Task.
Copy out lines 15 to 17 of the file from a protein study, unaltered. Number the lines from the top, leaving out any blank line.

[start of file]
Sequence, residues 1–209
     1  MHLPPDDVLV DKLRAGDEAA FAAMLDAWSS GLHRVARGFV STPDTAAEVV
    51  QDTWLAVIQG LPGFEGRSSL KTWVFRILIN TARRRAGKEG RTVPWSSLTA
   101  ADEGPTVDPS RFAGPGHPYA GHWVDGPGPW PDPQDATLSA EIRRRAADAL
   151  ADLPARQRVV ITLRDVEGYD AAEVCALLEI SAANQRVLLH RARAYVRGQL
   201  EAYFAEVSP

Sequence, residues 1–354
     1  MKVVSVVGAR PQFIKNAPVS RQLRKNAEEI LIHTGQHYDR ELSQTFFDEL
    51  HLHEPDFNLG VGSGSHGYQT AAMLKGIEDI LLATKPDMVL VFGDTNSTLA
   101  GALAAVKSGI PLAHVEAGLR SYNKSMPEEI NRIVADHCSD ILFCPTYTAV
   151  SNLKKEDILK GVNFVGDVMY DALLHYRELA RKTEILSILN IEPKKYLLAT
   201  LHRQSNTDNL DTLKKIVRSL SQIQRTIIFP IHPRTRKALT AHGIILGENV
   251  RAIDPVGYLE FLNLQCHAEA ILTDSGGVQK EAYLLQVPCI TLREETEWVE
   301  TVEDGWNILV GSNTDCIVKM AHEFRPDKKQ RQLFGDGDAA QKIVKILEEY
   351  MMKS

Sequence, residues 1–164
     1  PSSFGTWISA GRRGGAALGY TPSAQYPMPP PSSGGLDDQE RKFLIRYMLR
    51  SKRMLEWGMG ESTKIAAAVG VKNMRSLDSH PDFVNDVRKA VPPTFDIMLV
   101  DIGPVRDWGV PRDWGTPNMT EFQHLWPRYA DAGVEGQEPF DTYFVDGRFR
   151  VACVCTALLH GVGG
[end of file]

   351  MMKS

Sequence, residues 1–164
     1  PSSFGTWISA GRRGGAALGY TPSAQYPMPP PSSGGLDDQE RKFLIRYMLR